July 31, 2010 Posted by | daily reviews | , , , | Leave a comment

Raising Arizona

July 31, 2010

Raising Arizona

Our visiting guest J had not seen Raising Arizona all the way through! Naturally we had to rectify this, so it is with a great deal of pleasure that we find ourselves watching this movie tonight. This movie represents a number of firsts for me. It was the first Coen brothers movie I saw. It was the first Nicolas Cage movie I saw. And in both cases it made a great impression on me.

Right from the start this movie grabs you with its quirky tone and unique style. Indeed the beginning is part of the pure genius of the movie. We have a couple movies in our collection that have beginnings of such power and inspiration that they stick with you – draw you into the movie so deeply that you hardly come up for air until the movie is over. The Royal Tennenbaums. Magnolia. Raising Arizona.

The film starts with a lengthy monologue and montage that introduces us to the lead character H.I. Mcdunnough. He’s constantly in and out of prison and eventually proposes the the nice lady police officer who processes him each time he is newly incarcerated. We get to see him jailed, processed, in therapy in prison, and being paroled. Several times. Then he tries to straighten up and live an honest life. He marries Ed (the woman from the prison) and gets a mind-numbingly awful menial job and they start to make a life for each other. Then Ed discovers that she’s barren and they cannot have any children, so their dream of having a family together is ruined. Until a local furniture salesman has quintuplets and H.I. and Ed strike upon the plan of stealing one of the babies to raise as their own. All of this is accompanied by an otherworldly combination of banjo, whistling and yodeling that is so iconic that whenever anybody speaks of this movie it instantly starts playing in my mind. And that’s just the first ten minutes.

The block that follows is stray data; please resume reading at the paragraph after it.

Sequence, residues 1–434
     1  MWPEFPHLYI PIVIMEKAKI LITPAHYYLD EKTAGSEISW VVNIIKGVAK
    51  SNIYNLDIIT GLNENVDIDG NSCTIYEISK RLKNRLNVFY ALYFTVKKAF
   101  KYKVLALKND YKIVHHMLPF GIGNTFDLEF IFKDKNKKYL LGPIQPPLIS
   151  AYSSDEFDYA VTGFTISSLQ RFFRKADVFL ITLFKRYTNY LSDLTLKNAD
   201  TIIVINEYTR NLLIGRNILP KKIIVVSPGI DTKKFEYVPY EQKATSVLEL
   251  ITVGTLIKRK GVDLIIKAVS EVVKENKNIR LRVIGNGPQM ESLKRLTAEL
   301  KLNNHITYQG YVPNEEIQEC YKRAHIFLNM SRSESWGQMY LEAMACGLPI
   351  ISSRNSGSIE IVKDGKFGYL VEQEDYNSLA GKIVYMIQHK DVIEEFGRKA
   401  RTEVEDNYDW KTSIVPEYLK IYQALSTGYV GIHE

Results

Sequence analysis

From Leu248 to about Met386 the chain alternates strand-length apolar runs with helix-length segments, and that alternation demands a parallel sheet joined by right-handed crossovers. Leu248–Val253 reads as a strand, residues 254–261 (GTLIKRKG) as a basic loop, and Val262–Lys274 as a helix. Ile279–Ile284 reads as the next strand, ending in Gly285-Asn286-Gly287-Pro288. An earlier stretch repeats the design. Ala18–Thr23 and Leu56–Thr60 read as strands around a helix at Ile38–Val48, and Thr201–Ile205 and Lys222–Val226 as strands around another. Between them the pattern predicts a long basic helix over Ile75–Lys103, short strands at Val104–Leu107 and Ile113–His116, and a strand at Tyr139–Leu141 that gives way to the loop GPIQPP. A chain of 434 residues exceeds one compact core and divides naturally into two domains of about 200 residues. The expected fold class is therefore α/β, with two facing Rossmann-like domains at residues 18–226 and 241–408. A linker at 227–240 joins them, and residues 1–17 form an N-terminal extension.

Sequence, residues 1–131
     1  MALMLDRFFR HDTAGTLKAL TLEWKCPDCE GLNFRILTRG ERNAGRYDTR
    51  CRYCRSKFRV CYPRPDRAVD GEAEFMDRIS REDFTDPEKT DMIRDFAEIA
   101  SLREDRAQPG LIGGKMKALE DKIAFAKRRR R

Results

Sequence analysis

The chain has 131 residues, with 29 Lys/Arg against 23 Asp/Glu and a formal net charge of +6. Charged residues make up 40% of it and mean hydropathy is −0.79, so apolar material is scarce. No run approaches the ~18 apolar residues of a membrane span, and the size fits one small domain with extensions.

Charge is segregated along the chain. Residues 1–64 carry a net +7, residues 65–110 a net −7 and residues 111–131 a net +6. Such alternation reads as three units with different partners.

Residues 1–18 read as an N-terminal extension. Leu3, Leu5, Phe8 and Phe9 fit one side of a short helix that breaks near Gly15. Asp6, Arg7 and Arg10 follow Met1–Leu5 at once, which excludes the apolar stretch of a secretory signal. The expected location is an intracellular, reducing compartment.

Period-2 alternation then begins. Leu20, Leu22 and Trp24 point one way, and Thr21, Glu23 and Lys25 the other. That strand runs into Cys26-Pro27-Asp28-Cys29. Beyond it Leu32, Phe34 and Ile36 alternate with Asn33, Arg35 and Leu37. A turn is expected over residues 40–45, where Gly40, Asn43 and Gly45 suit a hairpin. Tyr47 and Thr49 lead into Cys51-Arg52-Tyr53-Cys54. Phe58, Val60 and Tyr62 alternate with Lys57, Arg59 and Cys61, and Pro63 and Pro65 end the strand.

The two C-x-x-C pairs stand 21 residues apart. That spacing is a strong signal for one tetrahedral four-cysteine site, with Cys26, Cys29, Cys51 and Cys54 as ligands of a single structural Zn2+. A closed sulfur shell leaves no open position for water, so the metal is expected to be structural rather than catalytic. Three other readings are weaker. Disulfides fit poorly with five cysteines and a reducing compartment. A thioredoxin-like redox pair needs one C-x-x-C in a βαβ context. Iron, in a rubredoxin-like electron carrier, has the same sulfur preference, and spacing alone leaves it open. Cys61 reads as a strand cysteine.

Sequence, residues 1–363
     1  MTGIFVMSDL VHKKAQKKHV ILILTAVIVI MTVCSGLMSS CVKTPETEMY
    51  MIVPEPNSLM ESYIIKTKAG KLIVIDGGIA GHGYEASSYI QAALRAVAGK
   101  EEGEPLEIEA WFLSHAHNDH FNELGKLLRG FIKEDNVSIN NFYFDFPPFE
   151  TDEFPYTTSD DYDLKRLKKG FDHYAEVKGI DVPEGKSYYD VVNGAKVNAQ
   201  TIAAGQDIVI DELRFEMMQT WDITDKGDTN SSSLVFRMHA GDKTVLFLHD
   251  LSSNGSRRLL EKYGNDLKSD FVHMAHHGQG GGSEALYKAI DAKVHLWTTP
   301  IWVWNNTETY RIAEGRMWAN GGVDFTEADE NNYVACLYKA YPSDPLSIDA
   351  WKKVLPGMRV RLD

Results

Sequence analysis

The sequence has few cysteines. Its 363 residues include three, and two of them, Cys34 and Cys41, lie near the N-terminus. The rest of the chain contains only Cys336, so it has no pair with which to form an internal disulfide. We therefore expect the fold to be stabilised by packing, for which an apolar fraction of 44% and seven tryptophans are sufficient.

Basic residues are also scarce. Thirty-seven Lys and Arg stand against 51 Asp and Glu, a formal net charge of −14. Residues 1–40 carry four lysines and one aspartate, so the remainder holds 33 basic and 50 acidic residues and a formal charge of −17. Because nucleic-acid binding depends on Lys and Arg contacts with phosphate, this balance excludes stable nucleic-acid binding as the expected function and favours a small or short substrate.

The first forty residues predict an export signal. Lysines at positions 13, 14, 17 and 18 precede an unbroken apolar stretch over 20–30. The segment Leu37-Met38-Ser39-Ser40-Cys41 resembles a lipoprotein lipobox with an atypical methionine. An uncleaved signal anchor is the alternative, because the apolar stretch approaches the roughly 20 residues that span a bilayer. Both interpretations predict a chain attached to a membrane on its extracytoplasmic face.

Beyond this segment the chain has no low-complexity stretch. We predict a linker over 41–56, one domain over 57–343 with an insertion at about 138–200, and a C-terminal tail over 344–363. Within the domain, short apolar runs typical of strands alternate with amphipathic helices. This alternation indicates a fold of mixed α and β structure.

As with most Coen brothers films the plot is not necessarily what you watch for. Sure it’s fun, and it moves quickly and allows for both some great humor and some great action, but what raises the film above most others is the unique style. It’s a combination of the humor, the pathos, the fantasy, and the huge bag of visual tricks that the Coens employ to tell the story.

Can you believe that this is only the second movie Joel and Ethan made? It boggles my mind. They work the medium with such finesse that it’s a wonder to behold. They have so many effective tricks. The wide-angle lens tracking shots that glide over the blue carpet in the babys’ room early on in the film. The way they sometimes dial down the music in the soundtrack for emphasis and then bring it back suddenly to draw you back in. The amazing steadycam shot at the end of one dream sequence that goes up a ladder and right through a window.

This is a little, simple movie (J described it as we watched as a heist film, but with a baby) but it’s also a huge and complex movie. Take, for example, the extensive chase scene about half way through. There’s cars and guns and dogs and screaming ladies with hair curlers and shopping carts – it’s a giant spectacle that builds on itself, and every time you think it’s over it keeps getting bigger. Not quite Blues Brothers level, but it did remind me of that.

It astonishes me what skill this film so deftly displays and so early in the Coen career. It rests near to the top of my favorite movies of all time, and it’s always a pleasure to watch it again. And of course now I have the sound-track stuck in my head again. I’ll be humming it for days.

July 31, 2010 Posted by | daily reviews | , , | Leave a comment